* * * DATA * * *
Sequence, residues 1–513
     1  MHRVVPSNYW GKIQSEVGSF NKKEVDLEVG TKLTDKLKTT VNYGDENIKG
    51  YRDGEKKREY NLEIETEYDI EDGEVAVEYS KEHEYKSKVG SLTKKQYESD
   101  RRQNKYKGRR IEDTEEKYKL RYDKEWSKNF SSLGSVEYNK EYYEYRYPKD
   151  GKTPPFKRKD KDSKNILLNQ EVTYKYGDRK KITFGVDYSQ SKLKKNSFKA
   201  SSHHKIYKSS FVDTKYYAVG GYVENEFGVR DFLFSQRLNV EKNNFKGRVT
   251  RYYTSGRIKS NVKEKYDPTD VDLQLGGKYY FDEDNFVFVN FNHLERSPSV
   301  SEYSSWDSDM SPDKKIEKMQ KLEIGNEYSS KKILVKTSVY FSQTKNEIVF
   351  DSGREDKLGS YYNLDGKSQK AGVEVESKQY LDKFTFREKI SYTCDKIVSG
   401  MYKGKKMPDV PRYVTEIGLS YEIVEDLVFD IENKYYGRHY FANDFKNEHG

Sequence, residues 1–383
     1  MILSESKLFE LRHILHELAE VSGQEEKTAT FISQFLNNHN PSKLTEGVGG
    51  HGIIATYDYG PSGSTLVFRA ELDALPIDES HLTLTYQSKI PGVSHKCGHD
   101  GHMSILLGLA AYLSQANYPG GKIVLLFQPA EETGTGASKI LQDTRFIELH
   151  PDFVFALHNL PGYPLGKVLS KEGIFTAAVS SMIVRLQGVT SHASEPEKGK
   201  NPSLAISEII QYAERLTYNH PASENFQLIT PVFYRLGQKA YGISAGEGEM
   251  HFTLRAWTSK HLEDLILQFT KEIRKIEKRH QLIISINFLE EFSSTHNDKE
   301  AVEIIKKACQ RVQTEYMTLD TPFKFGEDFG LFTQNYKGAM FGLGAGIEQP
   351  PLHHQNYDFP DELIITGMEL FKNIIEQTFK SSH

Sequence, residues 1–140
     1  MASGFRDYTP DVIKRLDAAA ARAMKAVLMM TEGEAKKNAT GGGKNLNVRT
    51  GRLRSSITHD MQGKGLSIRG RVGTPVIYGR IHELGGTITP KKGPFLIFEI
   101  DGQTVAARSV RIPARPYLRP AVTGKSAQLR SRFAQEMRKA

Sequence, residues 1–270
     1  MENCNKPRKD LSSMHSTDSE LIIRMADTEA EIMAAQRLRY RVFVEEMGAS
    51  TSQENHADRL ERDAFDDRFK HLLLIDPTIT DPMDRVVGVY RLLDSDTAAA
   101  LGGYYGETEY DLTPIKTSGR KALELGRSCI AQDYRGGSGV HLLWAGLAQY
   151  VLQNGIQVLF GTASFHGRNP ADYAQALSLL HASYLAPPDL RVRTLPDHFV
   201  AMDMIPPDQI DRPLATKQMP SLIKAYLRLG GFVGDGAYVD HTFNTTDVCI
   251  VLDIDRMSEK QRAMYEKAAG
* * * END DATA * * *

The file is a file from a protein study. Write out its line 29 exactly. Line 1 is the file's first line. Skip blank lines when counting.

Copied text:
   201  AMDMIPPDQI DRPLATKQMP SLIKAYLRLG GFVGDGAYVD HTFNTTDVCI